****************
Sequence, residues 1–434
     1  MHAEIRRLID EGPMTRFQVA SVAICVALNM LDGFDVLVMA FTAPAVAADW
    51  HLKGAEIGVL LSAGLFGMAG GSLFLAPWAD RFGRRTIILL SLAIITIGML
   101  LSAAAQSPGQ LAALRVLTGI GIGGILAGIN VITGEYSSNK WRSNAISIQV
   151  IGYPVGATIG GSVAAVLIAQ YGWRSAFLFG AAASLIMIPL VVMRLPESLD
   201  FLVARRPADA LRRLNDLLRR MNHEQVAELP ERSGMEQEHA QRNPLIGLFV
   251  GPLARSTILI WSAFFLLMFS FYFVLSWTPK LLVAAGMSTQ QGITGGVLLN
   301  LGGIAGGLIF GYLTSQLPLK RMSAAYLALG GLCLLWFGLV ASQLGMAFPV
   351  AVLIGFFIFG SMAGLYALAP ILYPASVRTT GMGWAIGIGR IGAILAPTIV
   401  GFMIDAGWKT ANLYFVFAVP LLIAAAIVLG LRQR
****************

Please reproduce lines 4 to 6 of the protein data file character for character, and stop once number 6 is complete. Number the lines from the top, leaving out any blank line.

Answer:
   101  LSAAAQSPGQ LAALRVLTGI GIGGILAGIN VITGEYSSNK WRSNAISIQV
   151  IGYPVGATIG GSVAAVLIAQ YGWRSAFLFG AAASLIMIPL VVMRLPESLD
   201  FLVARRPADA LRRLNDLLRR MNHEQVAELP ERSGMEQEHA QRNPLIGLFV